More companies are catching on to the protective value of email encryption. If you’re feeling a bit late to the game, that’s okay. We’ll catch you up.

What is email encryption? Encrypted emails are encoded in such a way that only the sender and intended recipient can read them. Imagine sending an important letter through snail mail, knowing that that anyone who intercepts it can read it. That might not be a big deal for some letters, but could be disastrous for certain business applications.

Now imagine that you could seal that letter in an envelope that could only be opened by the recipient. That sounds much safer, right? Encrypted emails are the online equivalent of that idea. In the event that a hacker accesses your emails, they are useless to him because in most cases he can’t decrypt them.

How does it work? The most common type of encryption uses two keys (private and public). The private key is unique to you, and you will need to keep it secure and never share with anyone. The public key can be made available to anyone; you can even freely distribute it online. Anyone who wants to send a secure message to you can use the public key, but only the person holding the private key (you) can decrypt that message. Anyone who intercepts these messages would only be able to view a block of random characters.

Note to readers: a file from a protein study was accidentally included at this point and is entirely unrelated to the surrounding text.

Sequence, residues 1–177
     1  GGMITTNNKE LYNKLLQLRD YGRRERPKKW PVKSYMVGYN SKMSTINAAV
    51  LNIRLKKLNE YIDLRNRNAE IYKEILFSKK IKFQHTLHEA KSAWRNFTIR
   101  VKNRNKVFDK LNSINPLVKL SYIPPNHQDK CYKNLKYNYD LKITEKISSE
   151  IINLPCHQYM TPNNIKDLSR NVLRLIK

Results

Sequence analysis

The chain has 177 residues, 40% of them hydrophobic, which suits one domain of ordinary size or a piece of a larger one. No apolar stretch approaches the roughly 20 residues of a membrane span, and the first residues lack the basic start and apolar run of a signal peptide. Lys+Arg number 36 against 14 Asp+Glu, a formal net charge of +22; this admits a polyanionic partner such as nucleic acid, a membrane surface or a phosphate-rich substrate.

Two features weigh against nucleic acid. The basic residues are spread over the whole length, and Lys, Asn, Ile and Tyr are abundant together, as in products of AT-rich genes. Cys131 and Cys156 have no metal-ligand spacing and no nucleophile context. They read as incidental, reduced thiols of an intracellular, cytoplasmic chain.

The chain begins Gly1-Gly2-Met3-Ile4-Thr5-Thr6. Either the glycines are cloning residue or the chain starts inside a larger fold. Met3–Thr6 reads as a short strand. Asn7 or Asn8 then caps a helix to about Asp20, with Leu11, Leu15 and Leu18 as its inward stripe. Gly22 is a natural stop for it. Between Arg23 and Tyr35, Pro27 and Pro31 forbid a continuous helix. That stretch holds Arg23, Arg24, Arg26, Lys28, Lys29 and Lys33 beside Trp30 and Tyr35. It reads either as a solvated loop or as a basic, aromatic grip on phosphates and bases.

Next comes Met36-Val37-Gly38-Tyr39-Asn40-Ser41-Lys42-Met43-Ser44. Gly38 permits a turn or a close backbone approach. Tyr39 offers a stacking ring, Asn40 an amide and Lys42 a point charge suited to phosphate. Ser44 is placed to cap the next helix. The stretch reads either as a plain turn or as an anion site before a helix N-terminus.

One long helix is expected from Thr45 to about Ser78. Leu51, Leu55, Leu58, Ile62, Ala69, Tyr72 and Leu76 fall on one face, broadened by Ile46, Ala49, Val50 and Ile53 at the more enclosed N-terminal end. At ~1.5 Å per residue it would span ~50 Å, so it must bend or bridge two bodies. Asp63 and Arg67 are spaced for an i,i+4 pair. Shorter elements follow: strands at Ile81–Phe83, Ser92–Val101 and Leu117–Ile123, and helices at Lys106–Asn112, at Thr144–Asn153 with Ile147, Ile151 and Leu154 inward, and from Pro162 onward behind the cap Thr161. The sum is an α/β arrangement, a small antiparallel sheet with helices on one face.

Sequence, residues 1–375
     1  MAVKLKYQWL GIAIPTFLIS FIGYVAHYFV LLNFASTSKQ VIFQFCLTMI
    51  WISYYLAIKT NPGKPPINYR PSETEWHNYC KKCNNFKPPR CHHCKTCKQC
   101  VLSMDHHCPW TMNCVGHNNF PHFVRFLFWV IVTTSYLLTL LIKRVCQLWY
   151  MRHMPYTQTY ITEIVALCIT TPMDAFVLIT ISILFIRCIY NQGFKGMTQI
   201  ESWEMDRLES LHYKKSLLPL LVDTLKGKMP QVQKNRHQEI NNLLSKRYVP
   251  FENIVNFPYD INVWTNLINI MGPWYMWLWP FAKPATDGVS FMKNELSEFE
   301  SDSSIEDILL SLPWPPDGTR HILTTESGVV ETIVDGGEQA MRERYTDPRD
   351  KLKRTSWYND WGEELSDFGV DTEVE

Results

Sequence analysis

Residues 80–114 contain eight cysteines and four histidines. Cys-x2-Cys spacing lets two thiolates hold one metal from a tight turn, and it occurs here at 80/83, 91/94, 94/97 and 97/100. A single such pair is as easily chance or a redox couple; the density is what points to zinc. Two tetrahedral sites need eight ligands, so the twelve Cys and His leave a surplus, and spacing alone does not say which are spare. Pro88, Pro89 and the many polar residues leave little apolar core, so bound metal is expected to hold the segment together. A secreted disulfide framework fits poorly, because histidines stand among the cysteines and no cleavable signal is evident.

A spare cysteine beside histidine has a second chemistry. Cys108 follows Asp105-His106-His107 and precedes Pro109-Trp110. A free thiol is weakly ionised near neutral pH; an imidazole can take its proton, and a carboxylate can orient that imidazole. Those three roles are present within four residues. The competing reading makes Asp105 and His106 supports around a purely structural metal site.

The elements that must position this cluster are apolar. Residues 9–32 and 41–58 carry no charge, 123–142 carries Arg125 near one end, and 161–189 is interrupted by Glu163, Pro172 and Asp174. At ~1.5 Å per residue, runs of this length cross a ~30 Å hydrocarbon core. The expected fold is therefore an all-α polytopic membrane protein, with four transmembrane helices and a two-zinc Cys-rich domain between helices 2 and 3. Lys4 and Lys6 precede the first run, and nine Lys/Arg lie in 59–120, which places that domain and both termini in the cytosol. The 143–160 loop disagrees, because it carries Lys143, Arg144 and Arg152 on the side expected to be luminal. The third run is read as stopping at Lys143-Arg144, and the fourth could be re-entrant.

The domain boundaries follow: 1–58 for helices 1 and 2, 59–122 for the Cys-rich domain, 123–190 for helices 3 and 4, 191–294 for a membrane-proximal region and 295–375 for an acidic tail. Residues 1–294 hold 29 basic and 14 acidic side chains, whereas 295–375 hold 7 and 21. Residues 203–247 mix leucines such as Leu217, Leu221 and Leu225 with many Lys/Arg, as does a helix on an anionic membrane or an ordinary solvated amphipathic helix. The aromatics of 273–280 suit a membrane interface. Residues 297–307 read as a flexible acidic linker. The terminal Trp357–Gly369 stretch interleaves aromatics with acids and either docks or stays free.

Alternately, when you send a message to someone, you can use your private key to encrypt it.

Should you encrypt all messages, or just the important ones? Consider this: You’re a hacker who has gained access to a business’s email account. You’re looking at 5,000 messages, but only about 50 of them are encrypted. That tells you those messages might contain valuable information, right? So you would work hard to crack them.

On the other hand, if you found yourself staring at an inbox of 5,000 encrypted messages, you wouldn’t even know where to start. You would be challenged with spending a massive amount of time and energy to decrypt each email, one by one, without knowing whether it even contains useful information. Since this might very well waste your time, you’re more likely to abandon the entire unscrupulous mission.

It’s easy to see why a business would choose to simply set up an encryption system, and then use it for all emails regardless of their content. To learn more about email encryption and how to establish your keys, call us at 888-RING-MY-TECH and we’ll explain the process.